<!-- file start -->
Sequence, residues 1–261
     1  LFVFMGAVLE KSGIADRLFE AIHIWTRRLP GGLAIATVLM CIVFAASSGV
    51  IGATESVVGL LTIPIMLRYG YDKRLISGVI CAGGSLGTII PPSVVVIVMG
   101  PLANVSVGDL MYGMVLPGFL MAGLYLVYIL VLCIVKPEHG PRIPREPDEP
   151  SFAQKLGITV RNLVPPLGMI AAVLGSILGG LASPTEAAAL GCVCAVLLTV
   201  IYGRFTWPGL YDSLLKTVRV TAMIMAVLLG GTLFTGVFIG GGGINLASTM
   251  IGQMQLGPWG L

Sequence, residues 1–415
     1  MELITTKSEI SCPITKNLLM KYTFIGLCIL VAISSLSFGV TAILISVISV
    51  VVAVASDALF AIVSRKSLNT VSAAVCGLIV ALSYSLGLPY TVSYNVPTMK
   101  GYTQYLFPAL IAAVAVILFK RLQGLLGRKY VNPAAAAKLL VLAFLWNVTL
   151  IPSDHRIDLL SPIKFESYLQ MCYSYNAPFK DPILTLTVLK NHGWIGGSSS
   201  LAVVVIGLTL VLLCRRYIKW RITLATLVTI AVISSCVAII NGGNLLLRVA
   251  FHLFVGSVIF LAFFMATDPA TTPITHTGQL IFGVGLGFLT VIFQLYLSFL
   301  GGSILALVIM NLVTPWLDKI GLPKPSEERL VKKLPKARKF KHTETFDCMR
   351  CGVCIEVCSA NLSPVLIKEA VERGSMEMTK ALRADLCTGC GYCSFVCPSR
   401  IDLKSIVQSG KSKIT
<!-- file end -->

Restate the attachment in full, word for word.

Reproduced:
Sequence, residues 1–261
     1  LFVFMGAVLE KSGIADRLFE AIHIWTRRLP GGLAIATVLM CIVFAASSGV
    51  IGATESVVGL LTIPIMLRYG YDKRLISGVI CAGGSLGTII PPSVVVIVMG
   101  PLANVSVGDL MYGMVLPGFL MAGLYLVYIL VLCIVKPEHG PRIPREPDEP
   151  SFAQKLGITV RNLVPPLGMI AAVLGSILGG LASPTEAAAL GCVCAVLLTV
   201  IYGRFTWPGL YDSLLKTVRV TAMIMAVLLG GTLFTGVFIG GGGINLASTM
   251  IGQMQLGPWG L

Sequence, residues 1–415
     1  MELITTKSEI SCPITKNLLM KYTFIGLCIL VAISSLSFGV TAILISVISV
    51  VVAVASDALF AIVSRKSLNT VSAAVCGLIV ALSYSLGLPY TVSYNVPTMK
   101  GYTQYLFPAL IAAVAVILFK RLQGLLGRKY VNPAAAAKLL VLAFLWNVTL
   151  IPSDHRIDLL SPIKFESYLQ MCYSYNAPFK DPILTLTVLK NHGWIGGSSS
   201  LAVVVIGLTL VLLCRRYIKW RITLATLVTI AVISSCVAII NGGNLLLRVA
   251  FHLFVGSVIF LAFFMATDPA TTPITHTGQL IFGVGLGFLT VIFQLYLSFL
   301  GGSILALVIM NLVTPWLDKI GLPKPSEERL VKKLPKARKF KHTETFDCMR
   351  CGVCIEVCSA NLSPVLIKEA VERGSMEMTK ALRADLCTGC GYCSFVCPSR
   401  IDLKSIVQSG KSKIT